Benefits Derived from the Outer Continental Shelf Environmental Studies Program Are Questionable
CED-78-93: Published: Jun 1, 1978. Publicly Released: Jun 1, 1978.
- Full Report:
The Outer Continental Shelf (OCS) environmental studies program was established in 1974 to provide information about the OCS environment which would give federal agencies a basis for making decisions on resource development, predicting the impacts of OCS development, and modifying leasing stipulations and regulations for OCS development.
The program has been costly, exceeding $200 million since its inception, and it may have little effect in minimizing environmental damage during exploration, development, and production in OCS. There is little agreement among federal and state agencies on how the studies can best be used in decisionmaking and what information is needed to assess the environmental impact of OCS development. Research on effects of pollutants is widely dispersed among federal agencies and is not coordinated with overall marine research needs. State agencies are concerned about the lack of data describing coastal and nearshore environments on which to base lease decisions. Uncertainties about information management are exemplified in the Alaska studies program, the largest of the programs. The Bureau of Land Management (BLM) has not provided adequate program guidance to the National Oceanic and Atmospheric Administration (NOAA) to develop the necessary information, and NOAA has not used its resources to develop environmental information effectively.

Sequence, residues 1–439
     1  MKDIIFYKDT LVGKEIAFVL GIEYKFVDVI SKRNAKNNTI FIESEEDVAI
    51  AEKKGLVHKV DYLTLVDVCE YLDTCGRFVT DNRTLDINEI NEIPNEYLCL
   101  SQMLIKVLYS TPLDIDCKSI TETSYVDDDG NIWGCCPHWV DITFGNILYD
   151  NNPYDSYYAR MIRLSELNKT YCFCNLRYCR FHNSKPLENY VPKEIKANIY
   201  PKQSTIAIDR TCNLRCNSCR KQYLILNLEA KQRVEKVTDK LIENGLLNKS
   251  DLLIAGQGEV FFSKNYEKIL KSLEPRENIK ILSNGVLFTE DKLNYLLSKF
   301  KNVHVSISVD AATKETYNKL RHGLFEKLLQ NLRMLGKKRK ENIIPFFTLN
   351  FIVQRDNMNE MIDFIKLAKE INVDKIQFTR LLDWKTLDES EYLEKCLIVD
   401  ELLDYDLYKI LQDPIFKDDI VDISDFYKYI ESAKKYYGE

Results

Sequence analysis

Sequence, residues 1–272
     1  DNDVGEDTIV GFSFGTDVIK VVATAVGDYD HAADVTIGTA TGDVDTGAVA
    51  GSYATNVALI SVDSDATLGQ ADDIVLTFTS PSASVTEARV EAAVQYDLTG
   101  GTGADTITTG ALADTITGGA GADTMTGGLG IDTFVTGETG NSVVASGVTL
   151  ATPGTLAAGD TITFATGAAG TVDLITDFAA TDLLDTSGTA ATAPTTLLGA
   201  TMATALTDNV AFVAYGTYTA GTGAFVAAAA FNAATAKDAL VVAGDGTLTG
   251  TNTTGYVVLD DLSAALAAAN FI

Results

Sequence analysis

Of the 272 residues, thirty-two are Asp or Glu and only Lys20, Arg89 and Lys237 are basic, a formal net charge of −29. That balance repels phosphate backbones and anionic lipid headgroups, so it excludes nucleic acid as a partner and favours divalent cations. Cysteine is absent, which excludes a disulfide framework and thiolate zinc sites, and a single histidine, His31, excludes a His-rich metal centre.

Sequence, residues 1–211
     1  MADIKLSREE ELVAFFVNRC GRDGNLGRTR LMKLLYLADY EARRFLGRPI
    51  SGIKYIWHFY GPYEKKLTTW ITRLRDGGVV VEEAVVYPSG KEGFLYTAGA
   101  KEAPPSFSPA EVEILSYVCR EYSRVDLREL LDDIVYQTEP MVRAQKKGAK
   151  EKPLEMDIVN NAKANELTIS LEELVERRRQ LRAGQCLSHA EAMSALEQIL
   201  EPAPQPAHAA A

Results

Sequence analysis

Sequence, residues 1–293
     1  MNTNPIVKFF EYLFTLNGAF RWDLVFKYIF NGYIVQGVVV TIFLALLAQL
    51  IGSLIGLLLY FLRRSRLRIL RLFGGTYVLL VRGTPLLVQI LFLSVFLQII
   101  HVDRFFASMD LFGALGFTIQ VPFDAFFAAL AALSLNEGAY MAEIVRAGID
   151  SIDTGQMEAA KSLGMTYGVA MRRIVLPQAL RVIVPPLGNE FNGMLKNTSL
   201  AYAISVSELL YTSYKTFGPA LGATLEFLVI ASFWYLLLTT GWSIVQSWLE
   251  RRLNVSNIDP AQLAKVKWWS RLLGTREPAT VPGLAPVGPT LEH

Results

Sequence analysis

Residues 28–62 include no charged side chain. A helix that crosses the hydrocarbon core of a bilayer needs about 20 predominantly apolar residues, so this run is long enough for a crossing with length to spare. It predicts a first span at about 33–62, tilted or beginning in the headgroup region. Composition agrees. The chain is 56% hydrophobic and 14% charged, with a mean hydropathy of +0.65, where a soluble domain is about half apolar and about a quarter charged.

Recommendation for Executive Action
Comments: Please call 202/512-6100 for additional information.
Recommendation: The Secretary of the Interior should: (1) reassess the program for how the studies can best be used in the OCS development decisionmaking process and what information is needed to assess the impact of development; (2) in cooperation with federal and state agencies, develop coordinated plans that identify OCS environmental information needs and focus relevant marine research activities on these needs; and (3) require the Director, BLM, to define specific Alaska program goals, priorities, and research needs, and improve program guidance to NOAA. The Secretary of Commerce should direct the Administrator, NOAA, in line with BLM guidance, to improve the operational design, implementation, and control of the Alaska program, with greater emphasis on long-range research planning, an interdisciplinary approach, integration of research results with Department of the Interior decision points, use of outside expertise, procedures to ensure consideration of previous research, and consideration of users' needs.